Harbinger Consultants

Culture + Complexity + Change

WEBINAR | Shaping a New Narrative for a New Economy

This week saw our participation in a webinar with two leading thinkers in systems thinking and living economies, Otto Scharmer and David Korten, who engaged a discussion about Shaping a New Narrative for a New Economy. Both speakers addressed the flawed intellectual foundations of the current capitalist economic system and insisted that a new story and new thinking was needed that better reflected the realities of multiple crises, including climate change and social inequality. Economies are distributive and exchange systems, not just accumulation and growth systems.

The themes of this discussion linked to those of a recent conference in Brisbane hosted by the Asia Pacific Centre for Sustainable Enterprise conference (APCSE), ‘Economic Growth, Climate Change and the G20′, in which international speakers shared their concerns and visions for a dynamic and sustainable future. Public opinion in Australia is changing with increasing numbers of people concerned about inadequate action on climate change – we’ve seen the natural disasters, we’ve seen the job losses, we’ve seen the price fluctuations. In a general sense, communities are feeling the impacts of climate change and it’s getting uncomfortable in the slow boiling cauldron.

For Korten, there is a need to address this as a ‘new story’, a foundational and sweeping metanarrative that respects ideas of living economies and living beings, that recognises the planetary condition and reframes the human story. Economies are our creation, yet they are often referred to as entities in their own right rather than a subsystem of interconnected flows and relationships that both influence and are influenced by other socio-ecological systems. As Korten says “When we get our story wrong, we get our future wrong”. His descriptions of the current situation are not particularly attractive and he characterises the current drive to accelerate economic growth as destructive, inequitable, resource intensive, and politically self-interested. In his view it amounts to a corrupt system; one that ultimately expedites entropy.

Korten’s attention to the ‘livingness’ of society, ecology and economy, provides a counter to this overwhelming dynamic of destruction, decay and depletion. He calls it ‘global suicide’. This ‘livingness’ – a word I am using to summarise Korten’s ideas about humans as living beings on a living planet – needs to be captured in a new ‘sacred’ story. In saying this, he is not evoking religion but rather a kind of authentic and foundational story of a ‘living economy’. Perhaps the story of economy is a fruitless enterprise. Perhaps it’s not economy, but some other idea that better captures the integrated and integrative nature of the transformation that Korten proposes. He believes that if we change the story, we can change the system. Consequently, we change ourselves and what it means to be human.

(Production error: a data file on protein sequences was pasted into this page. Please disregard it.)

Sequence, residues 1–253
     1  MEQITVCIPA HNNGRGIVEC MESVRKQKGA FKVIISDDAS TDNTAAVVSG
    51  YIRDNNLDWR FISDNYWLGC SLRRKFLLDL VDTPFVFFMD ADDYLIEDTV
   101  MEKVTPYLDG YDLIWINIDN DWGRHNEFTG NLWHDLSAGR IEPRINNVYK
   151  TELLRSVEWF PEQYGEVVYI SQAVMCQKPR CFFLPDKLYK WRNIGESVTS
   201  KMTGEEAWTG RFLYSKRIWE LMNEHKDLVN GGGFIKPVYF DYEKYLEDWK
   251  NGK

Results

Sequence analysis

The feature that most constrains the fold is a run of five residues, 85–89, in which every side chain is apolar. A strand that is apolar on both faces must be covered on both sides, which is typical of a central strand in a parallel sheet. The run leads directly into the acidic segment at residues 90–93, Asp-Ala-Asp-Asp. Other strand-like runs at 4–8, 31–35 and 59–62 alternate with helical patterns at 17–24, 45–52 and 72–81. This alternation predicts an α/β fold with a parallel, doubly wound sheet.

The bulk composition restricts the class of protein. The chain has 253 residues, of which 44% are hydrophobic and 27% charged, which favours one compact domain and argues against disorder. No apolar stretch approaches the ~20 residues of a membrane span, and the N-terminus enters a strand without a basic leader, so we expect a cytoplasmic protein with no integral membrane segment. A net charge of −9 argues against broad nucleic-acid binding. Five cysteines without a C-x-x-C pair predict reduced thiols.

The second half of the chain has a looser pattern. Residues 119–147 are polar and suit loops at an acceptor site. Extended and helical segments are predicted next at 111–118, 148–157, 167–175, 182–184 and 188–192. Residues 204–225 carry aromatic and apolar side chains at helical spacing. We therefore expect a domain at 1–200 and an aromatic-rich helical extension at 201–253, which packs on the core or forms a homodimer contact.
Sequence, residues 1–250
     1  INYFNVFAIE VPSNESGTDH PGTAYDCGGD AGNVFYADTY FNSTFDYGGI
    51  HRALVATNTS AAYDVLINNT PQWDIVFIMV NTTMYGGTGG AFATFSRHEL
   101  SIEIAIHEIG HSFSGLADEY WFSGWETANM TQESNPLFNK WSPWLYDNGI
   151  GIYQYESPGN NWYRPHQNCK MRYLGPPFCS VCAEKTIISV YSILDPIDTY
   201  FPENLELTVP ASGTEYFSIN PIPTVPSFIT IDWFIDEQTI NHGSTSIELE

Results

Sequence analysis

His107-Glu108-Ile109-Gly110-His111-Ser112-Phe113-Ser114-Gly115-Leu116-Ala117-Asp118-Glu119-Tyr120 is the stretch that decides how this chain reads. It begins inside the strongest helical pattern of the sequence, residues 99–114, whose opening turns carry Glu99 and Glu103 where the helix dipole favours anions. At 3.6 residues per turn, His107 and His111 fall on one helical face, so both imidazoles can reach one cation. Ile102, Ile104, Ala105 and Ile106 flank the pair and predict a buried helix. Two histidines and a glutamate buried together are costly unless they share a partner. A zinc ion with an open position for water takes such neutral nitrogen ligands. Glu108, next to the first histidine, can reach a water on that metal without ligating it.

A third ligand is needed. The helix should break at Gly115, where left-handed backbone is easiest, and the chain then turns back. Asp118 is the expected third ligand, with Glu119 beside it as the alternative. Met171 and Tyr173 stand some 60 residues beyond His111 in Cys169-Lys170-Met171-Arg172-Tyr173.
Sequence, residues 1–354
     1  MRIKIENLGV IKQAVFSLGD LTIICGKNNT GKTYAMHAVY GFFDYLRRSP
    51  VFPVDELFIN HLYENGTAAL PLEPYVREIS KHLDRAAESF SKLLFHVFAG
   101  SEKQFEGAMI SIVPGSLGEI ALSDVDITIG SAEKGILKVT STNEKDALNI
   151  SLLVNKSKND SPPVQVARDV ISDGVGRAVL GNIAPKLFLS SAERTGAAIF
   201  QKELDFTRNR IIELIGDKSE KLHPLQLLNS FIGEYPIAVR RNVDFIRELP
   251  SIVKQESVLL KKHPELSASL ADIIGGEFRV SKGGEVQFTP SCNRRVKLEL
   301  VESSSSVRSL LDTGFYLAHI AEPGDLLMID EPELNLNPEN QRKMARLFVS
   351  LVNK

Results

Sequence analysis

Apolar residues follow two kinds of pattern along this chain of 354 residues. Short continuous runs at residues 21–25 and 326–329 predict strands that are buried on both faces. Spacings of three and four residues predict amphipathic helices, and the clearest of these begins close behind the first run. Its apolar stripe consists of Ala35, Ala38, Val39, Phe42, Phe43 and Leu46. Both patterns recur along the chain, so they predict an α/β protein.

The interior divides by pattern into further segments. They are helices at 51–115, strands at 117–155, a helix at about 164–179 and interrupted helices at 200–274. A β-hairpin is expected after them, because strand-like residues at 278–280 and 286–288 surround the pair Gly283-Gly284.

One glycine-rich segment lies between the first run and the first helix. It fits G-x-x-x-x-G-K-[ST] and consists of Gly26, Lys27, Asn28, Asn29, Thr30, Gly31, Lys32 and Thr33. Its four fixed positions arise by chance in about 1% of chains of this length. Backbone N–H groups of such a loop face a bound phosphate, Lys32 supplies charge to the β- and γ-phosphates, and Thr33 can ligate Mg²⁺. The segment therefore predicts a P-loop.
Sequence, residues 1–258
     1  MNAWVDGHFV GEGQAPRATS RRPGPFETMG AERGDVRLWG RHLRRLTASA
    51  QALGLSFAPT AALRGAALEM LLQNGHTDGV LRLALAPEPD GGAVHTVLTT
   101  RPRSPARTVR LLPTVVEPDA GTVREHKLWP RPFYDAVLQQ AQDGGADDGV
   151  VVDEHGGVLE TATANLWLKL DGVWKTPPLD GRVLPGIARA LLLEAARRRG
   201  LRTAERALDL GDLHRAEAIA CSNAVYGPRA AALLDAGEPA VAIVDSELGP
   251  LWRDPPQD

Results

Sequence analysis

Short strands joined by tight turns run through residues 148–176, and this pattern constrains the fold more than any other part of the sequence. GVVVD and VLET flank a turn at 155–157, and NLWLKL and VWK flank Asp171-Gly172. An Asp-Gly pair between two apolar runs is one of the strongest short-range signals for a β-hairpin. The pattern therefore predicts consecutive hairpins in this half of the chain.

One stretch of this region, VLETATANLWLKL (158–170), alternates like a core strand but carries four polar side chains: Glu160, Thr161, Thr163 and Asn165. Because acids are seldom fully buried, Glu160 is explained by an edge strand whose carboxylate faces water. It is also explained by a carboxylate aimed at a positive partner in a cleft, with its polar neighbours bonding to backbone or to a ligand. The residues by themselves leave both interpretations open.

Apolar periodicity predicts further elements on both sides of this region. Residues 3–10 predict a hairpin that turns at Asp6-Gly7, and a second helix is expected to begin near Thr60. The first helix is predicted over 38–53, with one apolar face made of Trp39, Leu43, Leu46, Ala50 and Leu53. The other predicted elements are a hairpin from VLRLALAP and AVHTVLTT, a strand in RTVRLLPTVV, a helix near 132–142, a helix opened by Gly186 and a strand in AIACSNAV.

Scharmer points to the emergence and self-organisation of local initiatives that address this need for transformative responses. At the local level, in neighbourhoods and communities, people are living disruption in their daily lives. He also observes that at the local level, the crisis in the commons is more visible and very experiential, with many people are organising around the commons. Scharmer describes a need to build an eco-consciousness, from ego2eco. In his writing, he describes an as yet unrealised stage of capitalism, Capitalism 3.0, which is an “intentional, inclusive, ecosystem economy that upgrades the capacity for collaboration and innovation throughout all sectors of society (focus on ecosystem innovation)”.

Where Korten emphasises ‘story’, Scharmer emphasises ‘thinking’ (or perhaps there is a link here to his work on ‘presencing’). The two are obviously related and caught in an iterative and generative loop. The more we think and imagine sustainability and transition, the more compelling and ‘real’ the story becomes; the more the story become real, then more able we are to think in these ever-adaptive, transformative and generative ways. In conversation, Scharmer also talked about how embodiment – the lived and experiential – also came into play. There is a trace here of Scharmer’s Theory U, in which an emerging future can be supported and facilitated through awareness, attention, or consciousness.

Scharmer and Korten offer a hopeful message, seeking to engage a global community in conversations about a new story. In a survey, sent to participants after the webinar, we were asked what we could bring to the making of this new story. I then realised that the Long Time, No See? project with its emphasis on questions, dialogues, being and relation is a platform for encouraging the development of a new story. It alone cannot generate the new story, but it can encourage the kind of reflective thinking, local organisation and shared experience that are part of the process.

You can easily participate in Long TIme, No See? by visiting the website, downloading the app and other booklets, and setting out on a guided walk in your neighbourhood. Your contributions will be shared to an online artwork. Long Time, No See? is currently screening at The Cube, QUT as part of a rotating program. Please check the screening program for times.


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